Our overall goal of this project is to develop a next-generation nanoparticle for targeted treatment of hepatocellular carcinoma (HCC). Liver cancer, including HCC, has the sixth highest cancer incidence and is the second leading cause of cancer mortality worldwide. While surgery or liver transplantation can be curative, most patients present with invasive HCC and are only eligible for palliative and locoregional treatments. Broadly cytotoxic treatments, including chemotherapy and radiation, have off-target toxicities to healthy hepatocytes, which is particularly dangerous to HCC patients due to a high incidence of underlying liver disease. Therefore, there is a critical need for a potent and highly targeted treatment option for liver cancer. To this end, we propose to develop a highly targeted nanoparticle gene delivery strategy for HCC tumors. Our preliminary data suggests that the biodegradable polymeric nanocarrier PBAE 536 can be used to selectively transfect HCC cells over healthy hepatocytes in vitro. Tumor-specific delivery of a therapeutic gene would enable targeted cancer cell killing with reduced off-target cytotoxicity to the surrounding healthy liver tissue. However, the therapeutic potential of this targeted nanotechnology has yet to be realized. The progress of clinical development is dependent on 1) optimization of nanoparticles for in vivo use and 2) the development of a safe, effective therapeutic DNA which is compatible with this delivery system. In this proposal, we will address both hurdles and test the final therapeutic in a preclinical model of human HCC.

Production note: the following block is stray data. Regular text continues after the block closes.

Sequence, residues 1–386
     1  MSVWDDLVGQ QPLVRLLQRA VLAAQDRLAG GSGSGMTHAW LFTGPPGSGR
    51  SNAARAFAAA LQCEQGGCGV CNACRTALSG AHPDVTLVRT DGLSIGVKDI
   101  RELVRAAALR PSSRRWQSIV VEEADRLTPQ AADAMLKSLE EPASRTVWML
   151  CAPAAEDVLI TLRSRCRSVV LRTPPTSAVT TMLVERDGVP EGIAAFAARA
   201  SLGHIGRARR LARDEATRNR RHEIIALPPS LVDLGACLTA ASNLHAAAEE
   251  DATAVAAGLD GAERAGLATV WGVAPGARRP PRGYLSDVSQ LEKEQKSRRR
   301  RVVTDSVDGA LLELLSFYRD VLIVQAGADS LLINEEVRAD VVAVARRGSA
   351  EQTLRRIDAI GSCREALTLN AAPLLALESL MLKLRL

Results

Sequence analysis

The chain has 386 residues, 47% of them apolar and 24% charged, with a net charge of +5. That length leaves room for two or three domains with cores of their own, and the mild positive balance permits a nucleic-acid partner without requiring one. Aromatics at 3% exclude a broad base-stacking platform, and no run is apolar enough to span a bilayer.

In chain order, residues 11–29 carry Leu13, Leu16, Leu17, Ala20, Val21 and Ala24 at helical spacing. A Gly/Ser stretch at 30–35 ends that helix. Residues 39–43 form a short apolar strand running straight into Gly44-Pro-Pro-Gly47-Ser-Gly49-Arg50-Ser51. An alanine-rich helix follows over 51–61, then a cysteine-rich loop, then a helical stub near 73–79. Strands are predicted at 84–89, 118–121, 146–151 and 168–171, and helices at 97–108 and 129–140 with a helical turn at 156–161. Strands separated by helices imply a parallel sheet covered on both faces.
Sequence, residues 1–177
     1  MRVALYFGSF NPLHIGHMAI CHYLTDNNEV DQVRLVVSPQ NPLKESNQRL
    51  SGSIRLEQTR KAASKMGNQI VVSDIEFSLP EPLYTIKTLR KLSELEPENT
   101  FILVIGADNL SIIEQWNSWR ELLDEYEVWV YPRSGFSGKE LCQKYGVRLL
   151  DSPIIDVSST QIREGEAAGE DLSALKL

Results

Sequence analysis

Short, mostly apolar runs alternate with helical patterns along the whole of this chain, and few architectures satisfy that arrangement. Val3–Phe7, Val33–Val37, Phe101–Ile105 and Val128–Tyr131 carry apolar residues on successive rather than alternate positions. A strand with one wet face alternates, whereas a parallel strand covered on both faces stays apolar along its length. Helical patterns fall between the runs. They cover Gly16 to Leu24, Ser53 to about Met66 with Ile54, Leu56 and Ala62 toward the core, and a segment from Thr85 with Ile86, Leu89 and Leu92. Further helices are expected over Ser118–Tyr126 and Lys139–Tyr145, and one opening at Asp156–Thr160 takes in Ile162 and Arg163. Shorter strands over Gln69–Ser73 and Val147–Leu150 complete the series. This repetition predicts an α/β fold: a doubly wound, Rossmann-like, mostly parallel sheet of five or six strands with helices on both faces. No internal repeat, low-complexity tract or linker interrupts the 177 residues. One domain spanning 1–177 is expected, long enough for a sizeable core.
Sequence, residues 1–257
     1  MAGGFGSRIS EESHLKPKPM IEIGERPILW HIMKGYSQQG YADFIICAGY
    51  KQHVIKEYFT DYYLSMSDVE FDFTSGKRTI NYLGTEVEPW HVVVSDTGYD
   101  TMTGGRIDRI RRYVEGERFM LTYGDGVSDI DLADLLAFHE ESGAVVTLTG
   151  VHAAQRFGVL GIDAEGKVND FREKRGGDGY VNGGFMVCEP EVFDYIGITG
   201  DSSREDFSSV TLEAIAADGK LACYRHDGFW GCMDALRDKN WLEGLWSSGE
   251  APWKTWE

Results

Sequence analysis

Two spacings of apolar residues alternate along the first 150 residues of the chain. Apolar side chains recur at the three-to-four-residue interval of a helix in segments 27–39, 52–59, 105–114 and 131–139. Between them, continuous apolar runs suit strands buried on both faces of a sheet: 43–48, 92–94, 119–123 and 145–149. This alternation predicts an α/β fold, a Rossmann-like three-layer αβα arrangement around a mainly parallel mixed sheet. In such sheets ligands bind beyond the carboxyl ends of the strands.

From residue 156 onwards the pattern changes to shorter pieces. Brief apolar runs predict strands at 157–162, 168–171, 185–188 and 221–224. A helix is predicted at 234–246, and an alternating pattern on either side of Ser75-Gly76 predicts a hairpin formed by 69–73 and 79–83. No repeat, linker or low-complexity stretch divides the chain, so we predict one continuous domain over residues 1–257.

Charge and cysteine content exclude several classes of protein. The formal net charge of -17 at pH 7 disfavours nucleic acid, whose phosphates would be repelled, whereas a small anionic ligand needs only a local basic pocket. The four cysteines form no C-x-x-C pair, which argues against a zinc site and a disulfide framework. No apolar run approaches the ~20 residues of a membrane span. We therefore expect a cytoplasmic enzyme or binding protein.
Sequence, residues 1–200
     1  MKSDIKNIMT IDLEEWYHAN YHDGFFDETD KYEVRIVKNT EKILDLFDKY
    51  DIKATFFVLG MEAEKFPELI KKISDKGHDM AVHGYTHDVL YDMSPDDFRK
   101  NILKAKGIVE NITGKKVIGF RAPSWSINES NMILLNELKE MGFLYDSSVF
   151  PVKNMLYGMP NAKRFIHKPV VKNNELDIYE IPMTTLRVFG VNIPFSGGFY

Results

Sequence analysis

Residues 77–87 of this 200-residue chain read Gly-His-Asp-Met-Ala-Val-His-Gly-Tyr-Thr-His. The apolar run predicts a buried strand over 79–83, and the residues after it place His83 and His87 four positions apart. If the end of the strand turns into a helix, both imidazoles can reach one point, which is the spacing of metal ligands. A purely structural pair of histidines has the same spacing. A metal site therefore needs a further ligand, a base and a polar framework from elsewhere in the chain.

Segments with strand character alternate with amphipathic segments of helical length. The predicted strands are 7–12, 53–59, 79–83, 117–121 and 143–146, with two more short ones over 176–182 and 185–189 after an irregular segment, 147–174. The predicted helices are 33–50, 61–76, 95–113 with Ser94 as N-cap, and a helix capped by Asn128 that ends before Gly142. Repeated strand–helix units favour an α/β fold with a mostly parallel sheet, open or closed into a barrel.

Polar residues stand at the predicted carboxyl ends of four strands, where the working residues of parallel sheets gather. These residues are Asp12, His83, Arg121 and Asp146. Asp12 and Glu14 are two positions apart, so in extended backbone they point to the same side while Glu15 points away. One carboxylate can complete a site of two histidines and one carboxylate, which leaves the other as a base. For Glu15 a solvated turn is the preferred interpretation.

In Specific Aim 1, we will formulate and evaluate PBAE nanoparticles for gene delivery to orthotopic murine liver tumors. Nanoparticles will be systemically administered by intravenous injection, and off-target delivery and transfection will also be assessed.
In Specific Aim 2, we will develop of a theranostic DNA vector targeted to HCC. We will use a thymidine kinase suicide gene (SR39), a dual-functional gene product that (1) converts the prodrug ganciclovir into a cancer-killing compound and (2) phosphorylates radiolabeled nucleoside analogs to enable PET imaging of gene expression. To enhance tumor targeting, we will employ ?-fetoprotein (AFP) transcriptional targeting, which we expect will restrict SR39 expression to HCC cells. Engineered AFP- SR39 vectors will be assessed in vitro for therapeutic gene expression in HCC cells and off-target healthy cell types.
In Specific Aim 3, we will combine PBAE nanoparticles with our novel transcriptionally targeted theranostic plasmid for testing in a murine xenograft liver tumor model. We hypothesize that systemically administered PBAE nanoparticles will enable SR39 delivery to HCC tumors for safe and effective cancer killing and molecular genetic imaging. If successful, this interdisciplinary project will result in a novel precision approach to HCC treatment which may be adapted for clinical use.

Public Health Relevance

Hepatocellular carcinoma (HCC) incidence and mortality rate is on the rise in the United States. The research described in this proposal addresses a critical need for safe, effective, targeted treatments for HCC. We propose combining a tumor-targeted nanoparticle delivery system with a transcriptionally targeted plasmid in a cancer- specific therapeutic for HCC.

National Institute of Health (NIH)
National Cancer Institute (NCI)
Predoctoral Individual National Research Service Award (F31)
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Special Emphasis Panel (ZRG1)
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Bian, Yansong
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Johns Hopkins University
Internal Medicine/Medicine
Schools of Medicine
United States
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